Migration to European breeding grounds from Africa is harder due to evolutionary changes
The nightingale was feted by John Keats as a “light-winged Dryad of the trees”. But the much-celebrated small bird with a beautiful song may be increasingly endangered because its wings are getting shorter.
The nightingale makes an epic journey from sub-Saharan Africa to breed in Europe each summer but there are barely 7,000 nesting pairs left in England.
Spanish researchers examining wing sizes of two nightingale populations in central Spain have found that the average wing length relative to their body size has fallen over the past two decades. Shorter-winged birds were found to be less likely to return to their breeding grounds after their first trip to Africa.
According to a new study published in The Auk: Ornithological Advances, natural selection driven by climate change is causing the birds to evolve with shorter wings.
In recent decades, the timing of spring has shifted in central Spain and summer droughts have become longer and more intense, leaving the nightingales a shorter window in which to raise their young.
Scientists believe that there is a suite of adaptations that make the nightingales effective migratory birds including a long wingspan, a larger clutch size and a shorter lifespan, which are controlled by a set of linked genes. This means that selective pressure on one trait also affects the other features.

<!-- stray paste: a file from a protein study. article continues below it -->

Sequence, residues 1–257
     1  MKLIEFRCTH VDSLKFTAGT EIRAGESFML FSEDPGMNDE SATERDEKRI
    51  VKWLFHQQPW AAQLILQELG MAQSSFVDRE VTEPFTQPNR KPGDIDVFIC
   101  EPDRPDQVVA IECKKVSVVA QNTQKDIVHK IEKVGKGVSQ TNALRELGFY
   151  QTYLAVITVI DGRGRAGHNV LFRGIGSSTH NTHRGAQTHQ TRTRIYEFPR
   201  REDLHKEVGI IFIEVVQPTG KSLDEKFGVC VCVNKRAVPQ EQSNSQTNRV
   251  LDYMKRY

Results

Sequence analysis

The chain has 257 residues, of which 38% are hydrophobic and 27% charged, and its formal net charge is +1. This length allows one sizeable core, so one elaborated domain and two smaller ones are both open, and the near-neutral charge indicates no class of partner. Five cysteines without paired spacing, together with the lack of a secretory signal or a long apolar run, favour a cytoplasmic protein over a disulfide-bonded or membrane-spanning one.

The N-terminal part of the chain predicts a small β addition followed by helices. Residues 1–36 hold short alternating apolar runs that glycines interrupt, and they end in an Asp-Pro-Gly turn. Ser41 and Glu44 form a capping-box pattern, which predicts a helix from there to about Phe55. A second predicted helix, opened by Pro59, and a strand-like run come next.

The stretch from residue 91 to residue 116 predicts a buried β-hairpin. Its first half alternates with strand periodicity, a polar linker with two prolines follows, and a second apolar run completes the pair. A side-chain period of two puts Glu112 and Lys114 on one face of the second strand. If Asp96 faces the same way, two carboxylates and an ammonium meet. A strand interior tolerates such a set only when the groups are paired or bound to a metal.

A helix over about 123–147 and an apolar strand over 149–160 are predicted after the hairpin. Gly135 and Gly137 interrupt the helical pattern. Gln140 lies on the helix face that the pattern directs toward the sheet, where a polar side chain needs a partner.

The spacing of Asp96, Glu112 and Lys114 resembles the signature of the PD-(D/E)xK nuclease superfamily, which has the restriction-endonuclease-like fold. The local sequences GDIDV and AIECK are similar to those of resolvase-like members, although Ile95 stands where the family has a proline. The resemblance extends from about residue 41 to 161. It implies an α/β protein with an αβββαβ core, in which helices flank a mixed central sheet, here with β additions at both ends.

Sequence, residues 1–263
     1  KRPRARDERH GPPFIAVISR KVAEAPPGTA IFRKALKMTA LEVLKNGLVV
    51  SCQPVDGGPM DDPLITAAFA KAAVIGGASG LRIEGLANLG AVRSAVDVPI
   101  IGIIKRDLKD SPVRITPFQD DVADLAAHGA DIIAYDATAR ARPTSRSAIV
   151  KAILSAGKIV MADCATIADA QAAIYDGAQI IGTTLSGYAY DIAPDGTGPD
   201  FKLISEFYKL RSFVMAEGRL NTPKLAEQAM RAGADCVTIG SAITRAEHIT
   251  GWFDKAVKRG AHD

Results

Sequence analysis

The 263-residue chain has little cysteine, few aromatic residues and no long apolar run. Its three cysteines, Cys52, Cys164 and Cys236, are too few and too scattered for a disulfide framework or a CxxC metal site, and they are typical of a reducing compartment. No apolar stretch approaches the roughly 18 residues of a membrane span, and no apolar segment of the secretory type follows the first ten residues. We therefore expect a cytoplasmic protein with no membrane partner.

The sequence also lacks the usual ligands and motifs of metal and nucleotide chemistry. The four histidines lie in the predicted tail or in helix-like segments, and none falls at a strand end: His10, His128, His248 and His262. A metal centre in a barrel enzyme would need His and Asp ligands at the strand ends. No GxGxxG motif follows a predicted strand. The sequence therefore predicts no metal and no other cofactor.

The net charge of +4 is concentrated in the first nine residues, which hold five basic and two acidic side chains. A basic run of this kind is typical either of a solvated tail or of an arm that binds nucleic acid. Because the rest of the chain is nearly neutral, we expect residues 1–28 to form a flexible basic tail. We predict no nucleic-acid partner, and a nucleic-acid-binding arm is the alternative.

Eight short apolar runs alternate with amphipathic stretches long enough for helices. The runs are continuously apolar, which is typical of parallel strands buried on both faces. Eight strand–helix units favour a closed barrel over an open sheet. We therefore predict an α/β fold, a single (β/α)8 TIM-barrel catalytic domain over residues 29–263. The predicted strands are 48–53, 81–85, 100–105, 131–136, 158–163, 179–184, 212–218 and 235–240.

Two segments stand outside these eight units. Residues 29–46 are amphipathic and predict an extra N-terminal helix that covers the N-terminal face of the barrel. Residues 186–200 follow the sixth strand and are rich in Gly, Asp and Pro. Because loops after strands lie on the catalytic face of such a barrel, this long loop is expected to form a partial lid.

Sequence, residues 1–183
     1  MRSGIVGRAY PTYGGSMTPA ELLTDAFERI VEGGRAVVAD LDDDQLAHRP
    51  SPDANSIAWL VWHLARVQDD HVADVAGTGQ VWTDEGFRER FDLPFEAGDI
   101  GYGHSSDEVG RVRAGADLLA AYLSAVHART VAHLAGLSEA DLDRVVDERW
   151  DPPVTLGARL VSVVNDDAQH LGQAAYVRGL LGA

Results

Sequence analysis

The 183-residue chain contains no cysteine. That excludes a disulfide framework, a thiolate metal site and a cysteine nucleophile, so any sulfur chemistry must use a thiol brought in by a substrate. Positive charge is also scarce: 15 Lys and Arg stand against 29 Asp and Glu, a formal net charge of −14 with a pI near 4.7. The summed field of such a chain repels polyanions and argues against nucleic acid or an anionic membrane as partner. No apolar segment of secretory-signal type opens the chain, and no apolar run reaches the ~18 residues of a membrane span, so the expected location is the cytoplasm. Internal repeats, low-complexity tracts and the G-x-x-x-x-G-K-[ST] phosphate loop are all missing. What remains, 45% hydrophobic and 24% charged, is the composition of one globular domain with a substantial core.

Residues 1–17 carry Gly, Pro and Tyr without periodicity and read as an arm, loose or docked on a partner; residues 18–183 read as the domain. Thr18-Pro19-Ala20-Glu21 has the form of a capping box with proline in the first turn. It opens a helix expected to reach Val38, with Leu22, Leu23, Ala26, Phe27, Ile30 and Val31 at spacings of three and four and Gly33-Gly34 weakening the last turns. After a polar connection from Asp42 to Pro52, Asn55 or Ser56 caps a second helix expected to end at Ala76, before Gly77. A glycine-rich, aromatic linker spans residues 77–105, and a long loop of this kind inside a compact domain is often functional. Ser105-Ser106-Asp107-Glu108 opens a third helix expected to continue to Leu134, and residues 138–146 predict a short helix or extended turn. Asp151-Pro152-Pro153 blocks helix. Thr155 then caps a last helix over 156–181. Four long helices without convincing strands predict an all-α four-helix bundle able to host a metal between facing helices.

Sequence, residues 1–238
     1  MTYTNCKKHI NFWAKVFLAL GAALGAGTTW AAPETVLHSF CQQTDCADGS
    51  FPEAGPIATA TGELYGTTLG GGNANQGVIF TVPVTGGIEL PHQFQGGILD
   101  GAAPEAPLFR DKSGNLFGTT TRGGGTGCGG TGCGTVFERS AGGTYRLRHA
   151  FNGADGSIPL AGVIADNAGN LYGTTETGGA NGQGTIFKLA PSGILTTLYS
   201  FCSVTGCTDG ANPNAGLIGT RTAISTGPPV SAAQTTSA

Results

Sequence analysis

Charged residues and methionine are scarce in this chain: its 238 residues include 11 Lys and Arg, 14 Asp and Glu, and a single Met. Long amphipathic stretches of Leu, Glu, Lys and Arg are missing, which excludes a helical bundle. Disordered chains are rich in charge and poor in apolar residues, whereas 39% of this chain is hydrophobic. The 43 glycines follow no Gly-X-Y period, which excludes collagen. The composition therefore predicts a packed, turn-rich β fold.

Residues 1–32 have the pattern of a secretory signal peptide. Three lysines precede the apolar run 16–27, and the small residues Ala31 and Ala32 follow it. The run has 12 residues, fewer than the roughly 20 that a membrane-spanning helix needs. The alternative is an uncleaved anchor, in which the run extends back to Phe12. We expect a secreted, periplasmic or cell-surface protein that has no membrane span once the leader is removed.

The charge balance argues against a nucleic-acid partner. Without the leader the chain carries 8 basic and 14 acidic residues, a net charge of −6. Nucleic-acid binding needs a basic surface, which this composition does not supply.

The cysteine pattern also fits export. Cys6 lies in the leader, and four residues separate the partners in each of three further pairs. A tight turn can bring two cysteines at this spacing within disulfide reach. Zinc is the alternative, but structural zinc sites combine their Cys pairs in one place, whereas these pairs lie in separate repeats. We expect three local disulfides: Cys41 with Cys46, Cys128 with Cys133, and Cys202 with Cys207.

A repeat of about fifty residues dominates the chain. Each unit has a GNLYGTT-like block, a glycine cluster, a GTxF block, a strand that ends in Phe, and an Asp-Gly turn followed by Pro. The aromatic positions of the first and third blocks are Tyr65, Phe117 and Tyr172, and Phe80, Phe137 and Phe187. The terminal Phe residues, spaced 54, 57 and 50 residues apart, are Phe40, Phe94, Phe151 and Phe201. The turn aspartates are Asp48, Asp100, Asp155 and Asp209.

If the pressure of drought is leading the most successful birds to lay smaller clutches of eggs, with fewer young to feed, then it could be causing these nightingales to also lose the other linked traits that make them such effective migrants. This is an example of “maladaptation” where species’ responses to cope with changing conditions end up causing them harm.
“There is much evidence that climate change is having an effect on migratory birds, changing their arrival and laying dates and their physical features over the last few decades,” said lead author Carolina Remacha of Complutense University of Madrid.
“If we are to fully understand how bird populations adapt to new environments in order to help them tackle the challenges of a rapidly changing world, it is important to call attention to the potential problems of maladaptive change.”